“Josh Elman, a VC at Greylock, and a former growth lead at Twitter, said that the leading indicator of engagement at Twitter was related to Facebook’s metric: the user following a certain number of people, and a certain percentage of those people following the user back.
Ellior Schmuker has said that the leading indicator of engagement at LinkedIn is also similar to Facebook’s: the user getting to X connections in Y days. He didn’t say what the X and the Y were.
Characteristics of leading indicator metrics
The various leading indicators fit into three categories:
- Network density: friend or following connections made in a time frame
- Content added: files added to a Dropbox folder
- Visit frequency: Day one retention”
Chamath spoke about how his growth team discovered the “7 friends in 10 days” leading indicator. He said that they looked at cohorts of users that became engaged, and cohorts of users that did not become engaged, and the pattern that emerged was that the engaged cohorts had hit at least 7 friends within 10 days of signing up.
- “Knowing true core product value allows you to design the experiments necessary so that you can really isolate cause and effect. As an example, at Facebook, one thing we were able to determine early on was a key link between the number of friends you had in a given time and likelihood to churn. Knowing this allowed us to do a lot to get new users to their A-ha moment quickly. Obviously, however, this required us to know what the A-ha moment was with a fair amount of certainty in the first place.” Chamath Palihapitiya.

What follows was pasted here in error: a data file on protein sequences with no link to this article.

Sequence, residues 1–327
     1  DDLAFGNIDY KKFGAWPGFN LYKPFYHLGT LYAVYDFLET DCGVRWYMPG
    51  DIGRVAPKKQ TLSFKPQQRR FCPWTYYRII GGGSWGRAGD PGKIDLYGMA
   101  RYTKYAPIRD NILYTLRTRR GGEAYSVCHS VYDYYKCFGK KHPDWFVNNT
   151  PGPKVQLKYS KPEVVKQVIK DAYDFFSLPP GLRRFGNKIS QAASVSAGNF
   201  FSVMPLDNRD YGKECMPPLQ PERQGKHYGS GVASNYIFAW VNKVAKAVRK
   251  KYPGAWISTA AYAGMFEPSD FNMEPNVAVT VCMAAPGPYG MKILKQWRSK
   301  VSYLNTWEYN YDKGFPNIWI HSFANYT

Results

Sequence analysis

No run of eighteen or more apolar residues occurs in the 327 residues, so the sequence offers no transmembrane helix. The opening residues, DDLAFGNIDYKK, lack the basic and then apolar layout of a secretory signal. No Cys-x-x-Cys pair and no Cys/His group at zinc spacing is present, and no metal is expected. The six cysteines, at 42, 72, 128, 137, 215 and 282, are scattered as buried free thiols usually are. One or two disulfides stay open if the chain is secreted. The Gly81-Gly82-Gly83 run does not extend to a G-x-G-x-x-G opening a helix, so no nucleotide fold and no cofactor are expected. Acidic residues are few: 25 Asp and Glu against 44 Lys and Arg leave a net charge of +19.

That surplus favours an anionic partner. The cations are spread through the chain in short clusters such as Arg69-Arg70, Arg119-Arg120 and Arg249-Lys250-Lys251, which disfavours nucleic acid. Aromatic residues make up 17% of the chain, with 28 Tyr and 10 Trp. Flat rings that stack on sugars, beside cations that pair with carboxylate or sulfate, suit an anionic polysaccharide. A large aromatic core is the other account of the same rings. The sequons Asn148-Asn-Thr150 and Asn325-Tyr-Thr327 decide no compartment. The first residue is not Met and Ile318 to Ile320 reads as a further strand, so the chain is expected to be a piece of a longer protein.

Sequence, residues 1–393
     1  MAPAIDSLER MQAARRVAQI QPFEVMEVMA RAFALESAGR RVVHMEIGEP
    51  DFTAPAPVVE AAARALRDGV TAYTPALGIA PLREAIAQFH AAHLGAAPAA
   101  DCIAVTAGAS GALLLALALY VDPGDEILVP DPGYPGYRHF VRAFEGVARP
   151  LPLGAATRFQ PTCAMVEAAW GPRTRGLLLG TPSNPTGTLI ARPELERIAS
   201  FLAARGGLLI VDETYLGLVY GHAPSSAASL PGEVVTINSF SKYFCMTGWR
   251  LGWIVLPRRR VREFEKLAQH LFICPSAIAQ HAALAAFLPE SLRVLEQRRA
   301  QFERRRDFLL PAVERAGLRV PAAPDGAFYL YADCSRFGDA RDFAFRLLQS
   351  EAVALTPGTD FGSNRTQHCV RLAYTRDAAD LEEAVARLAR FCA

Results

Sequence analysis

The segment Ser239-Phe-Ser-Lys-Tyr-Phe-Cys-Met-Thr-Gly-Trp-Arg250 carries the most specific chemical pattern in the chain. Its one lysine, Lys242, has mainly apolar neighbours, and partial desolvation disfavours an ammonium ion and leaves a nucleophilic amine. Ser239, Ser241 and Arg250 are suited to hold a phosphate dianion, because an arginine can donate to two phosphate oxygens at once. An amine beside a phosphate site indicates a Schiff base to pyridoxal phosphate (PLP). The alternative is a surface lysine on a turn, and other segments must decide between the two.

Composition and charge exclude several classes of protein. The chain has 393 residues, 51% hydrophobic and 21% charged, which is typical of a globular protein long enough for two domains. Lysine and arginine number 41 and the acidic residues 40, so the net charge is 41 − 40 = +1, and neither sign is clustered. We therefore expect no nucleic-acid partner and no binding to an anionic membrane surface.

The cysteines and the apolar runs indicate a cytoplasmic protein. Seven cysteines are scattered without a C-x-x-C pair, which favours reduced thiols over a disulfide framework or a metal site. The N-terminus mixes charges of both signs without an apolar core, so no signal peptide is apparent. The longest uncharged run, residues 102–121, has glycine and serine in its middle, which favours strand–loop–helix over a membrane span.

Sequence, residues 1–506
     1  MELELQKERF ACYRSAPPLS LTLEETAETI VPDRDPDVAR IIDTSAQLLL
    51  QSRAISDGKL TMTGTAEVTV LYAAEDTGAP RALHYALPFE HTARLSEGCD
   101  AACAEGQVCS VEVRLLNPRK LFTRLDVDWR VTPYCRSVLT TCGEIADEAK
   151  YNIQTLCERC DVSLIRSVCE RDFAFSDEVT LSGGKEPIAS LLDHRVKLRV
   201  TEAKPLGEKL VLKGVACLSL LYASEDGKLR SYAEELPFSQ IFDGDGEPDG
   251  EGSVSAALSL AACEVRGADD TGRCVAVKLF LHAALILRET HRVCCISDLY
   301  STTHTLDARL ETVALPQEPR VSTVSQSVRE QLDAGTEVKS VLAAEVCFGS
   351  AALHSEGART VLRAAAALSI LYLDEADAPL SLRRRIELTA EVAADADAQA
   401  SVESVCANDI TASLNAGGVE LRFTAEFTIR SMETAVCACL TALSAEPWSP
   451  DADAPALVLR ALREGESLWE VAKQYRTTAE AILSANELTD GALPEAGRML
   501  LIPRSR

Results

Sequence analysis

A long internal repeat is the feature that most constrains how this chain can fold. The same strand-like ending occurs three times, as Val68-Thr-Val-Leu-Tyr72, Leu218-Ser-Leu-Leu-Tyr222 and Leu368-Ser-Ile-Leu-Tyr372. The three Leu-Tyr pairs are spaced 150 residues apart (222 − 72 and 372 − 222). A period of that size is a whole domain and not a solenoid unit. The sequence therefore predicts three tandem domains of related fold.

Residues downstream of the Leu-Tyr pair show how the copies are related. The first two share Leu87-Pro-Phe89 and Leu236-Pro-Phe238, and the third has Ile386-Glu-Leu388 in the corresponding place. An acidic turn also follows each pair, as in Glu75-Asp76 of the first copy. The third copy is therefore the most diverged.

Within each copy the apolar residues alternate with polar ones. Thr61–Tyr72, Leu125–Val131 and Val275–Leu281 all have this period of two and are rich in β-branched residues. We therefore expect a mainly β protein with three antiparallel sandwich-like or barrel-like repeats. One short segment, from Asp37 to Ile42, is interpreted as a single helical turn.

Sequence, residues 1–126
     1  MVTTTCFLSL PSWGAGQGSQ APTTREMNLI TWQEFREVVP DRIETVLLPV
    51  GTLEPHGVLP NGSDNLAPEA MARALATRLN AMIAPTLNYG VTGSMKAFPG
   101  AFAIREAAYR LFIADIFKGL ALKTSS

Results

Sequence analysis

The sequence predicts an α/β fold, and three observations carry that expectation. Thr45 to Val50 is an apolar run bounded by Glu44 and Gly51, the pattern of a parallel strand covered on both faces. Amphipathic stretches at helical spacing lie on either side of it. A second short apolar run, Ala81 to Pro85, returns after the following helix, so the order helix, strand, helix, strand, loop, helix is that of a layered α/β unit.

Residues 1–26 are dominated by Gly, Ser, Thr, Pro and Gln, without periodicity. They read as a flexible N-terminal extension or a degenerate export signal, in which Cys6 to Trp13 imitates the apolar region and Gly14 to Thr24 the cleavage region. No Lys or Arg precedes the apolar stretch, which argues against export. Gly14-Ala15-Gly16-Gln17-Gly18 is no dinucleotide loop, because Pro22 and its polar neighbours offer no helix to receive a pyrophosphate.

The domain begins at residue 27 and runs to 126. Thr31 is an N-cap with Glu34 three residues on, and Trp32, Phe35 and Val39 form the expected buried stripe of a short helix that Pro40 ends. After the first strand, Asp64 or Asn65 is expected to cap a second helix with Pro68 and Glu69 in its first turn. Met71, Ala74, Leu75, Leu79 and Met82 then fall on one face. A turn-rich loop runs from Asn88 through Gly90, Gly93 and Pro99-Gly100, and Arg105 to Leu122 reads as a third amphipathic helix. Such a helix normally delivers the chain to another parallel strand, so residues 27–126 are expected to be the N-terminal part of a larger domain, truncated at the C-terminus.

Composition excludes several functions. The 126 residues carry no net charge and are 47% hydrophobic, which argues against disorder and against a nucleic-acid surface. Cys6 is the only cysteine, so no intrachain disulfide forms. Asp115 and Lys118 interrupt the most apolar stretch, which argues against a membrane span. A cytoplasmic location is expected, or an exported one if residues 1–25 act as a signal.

Innovation and best practices are discovered by the experimentation of entrepreneurs who try to establish the evolutionary fitness of their business. Products and services created as part of this experimentation which have greater fitness survive and other less fit products and services die. Entrepreneurs are essentially running experiments in this evolutionary system when they create or alter a business. What is different today is that the tools and systems which exist which allow experiments to be conducted more cheaply and rapidly than ever before. It has never been so possible to know so much about so much. The trick is being able to use these tools to separate signal from noise.
- “If you can run more experiments than the next guy, if you can be hungry for growth, if you can fight and die for every extra user and you stay up late at night to get those extra users, to run those experiments, to get the data, and do it over and over and over again, you will grow faster.” “Startups only have so many opportunities to run an experiment in the product, and they’re also time bound by the cash they have in the bank. With that said you need to run experiments that matter.” “Experiments that count when you are using smaller samples have to be incredibly thoughtful.” Alex Schultz.
Entrepreneurs are engaged in “deductive tinkering” as they search for better products and services. Eric Ries describes the process in this way: “Learning how to build a sustainable business is the outcome of experiments [which follow] a three step process. Build, measure, learn.” To illustrate with an example, the Snap S1 describes how it conducted an experiment via a “build, measure learn” process to enhance its core product value: